I was pleased to have the opportunity to contribute to the Scottish Parliament debate on the Police and Fire Reform Bill.
The Bill, which proposes to overhaul the current regional structure of Scotland’s police and fire services, and to amalgamate them into a single police force and a single fire service, is a substantial piece of legislation that requires long and careful scrutiny.
As with any piece of public sector reform, it must have the best interests of the people at its heart. Whilst in the current straitened times there is an understandable wish to save money through reduced duplication and increased efficiency, this wish must always be subservient to the overidding aim of improving the services themselves. Cost should not come before quality.
This was the point I was keen to stress during Wednesday’s debate, my contribution to which can be viewed here (at 1.12).
There is no point, for example, in protecting front line police only to consign them to back office duties. There is also no point in setting unrealistic timescales for staff reductions, which are unlikely to be met.
Finally, and perhaps most importantly, we must ensure that our police and fire services remain rooted in the local communities that they exist to serve.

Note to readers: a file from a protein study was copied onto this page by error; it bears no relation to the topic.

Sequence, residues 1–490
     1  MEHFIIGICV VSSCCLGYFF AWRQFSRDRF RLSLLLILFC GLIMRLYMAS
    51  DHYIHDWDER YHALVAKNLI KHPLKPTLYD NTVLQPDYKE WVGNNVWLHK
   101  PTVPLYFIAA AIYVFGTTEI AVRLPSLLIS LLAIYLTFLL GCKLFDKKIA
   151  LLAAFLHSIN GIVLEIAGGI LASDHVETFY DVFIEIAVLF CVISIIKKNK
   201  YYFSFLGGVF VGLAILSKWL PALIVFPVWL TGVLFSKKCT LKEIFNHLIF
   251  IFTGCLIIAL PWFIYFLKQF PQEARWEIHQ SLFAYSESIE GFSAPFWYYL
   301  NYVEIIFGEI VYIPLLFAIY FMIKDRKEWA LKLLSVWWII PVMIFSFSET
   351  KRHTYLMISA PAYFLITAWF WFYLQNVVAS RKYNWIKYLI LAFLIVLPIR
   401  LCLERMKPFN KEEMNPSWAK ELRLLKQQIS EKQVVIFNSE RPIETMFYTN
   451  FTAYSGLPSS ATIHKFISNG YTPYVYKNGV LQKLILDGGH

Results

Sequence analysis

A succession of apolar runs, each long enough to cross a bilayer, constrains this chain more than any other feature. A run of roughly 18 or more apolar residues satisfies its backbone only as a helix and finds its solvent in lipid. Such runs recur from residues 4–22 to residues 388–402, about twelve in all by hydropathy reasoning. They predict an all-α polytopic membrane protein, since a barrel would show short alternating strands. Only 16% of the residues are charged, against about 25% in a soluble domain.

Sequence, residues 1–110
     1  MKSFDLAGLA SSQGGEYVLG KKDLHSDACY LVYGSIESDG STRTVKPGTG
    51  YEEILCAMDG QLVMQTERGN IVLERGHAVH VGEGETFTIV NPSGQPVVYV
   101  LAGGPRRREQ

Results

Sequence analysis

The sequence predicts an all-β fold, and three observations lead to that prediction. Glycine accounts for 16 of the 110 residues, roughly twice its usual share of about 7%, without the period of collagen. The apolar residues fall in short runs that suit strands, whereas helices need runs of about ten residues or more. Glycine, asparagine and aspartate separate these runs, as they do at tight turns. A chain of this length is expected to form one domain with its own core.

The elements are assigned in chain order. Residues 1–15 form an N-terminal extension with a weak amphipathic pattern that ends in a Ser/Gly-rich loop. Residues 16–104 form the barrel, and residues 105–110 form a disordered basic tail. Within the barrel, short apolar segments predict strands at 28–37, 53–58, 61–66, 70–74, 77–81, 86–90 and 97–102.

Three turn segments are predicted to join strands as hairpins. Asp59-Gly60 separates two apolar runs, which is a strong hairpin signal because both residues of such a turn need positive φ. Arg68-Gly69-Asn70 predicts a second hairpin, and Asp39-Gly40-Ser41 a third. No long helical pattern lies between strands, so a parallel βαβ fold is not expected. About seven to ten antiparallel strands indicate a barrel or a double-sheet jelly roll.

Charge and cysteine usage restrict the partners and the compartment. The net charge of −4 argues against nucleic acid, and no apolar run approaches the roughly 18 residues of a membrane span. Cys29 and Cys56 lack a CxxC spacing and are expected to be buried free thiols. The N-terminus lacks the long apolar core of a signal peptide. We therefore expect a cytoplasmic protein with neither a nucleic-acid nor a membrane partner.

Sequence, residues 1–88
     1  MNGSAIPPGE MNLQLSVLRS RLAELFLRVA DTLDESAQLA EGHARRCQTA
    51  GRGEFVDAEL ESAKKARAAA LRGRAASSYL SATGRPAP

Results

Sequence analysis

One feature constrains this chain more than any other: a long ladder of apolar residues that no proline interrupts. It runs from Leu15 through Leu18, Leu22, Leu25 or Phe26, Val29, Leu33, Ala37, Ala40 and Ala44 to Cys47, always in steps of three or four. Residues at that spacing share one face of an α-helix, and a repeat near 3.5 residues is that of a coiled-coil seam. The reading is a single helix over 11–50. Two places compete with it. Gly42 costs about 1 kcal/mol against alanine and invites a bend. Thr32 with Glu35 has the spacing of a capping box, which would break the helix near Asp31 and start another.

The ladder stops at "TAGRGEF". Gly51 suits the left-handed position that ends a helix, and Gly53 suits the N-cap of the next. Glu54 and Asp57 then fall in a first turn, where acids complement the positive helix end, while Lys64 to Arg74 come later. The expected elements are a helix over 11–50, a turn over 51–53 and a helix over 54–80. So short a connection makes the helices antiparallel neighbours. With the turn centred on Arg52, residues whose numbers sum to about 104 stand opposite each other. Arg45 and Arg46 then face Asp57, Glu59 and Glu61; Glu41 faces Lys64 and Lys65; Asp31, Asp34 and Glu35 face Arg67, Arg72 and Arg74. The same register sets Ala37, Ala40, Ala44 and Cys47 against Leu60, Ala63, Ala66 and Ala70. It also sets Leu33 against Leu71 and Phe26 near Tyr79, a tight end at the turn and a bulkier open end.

The recent local council results made for good reading for Labour politicians, supporters and activists.
It was great to see so much hard work rewarded, and I am pleased that Labour has decisively maintained control in battleground seats such as Glasgow and North Lanarkshire, and retained a substantial controlling presence in South Lanarkshire and Falkirk. And it would be remiss to omit the power sharing arrangement between Labour and the SNP in Edinburgh; a good example of politicians putting rivalries aside and the people first.
Whatever the SNP now claim, they will undoubtedly be disappointed with how things went. That they believed they could take Glasgow, North Lanarkshire, and a host of other councils was an open secret; but, in the event, Labour’s simple message of more jobs and better local services resounded with the electorate.
The week before the election I observed that the SNP was becoming complacent, a view perhaps shared by some voters. It is essential that, having made good progress, Labour does not fall into the same trap.
We must deliver on our election promises, and continue to listen to, and learn from, the electorate.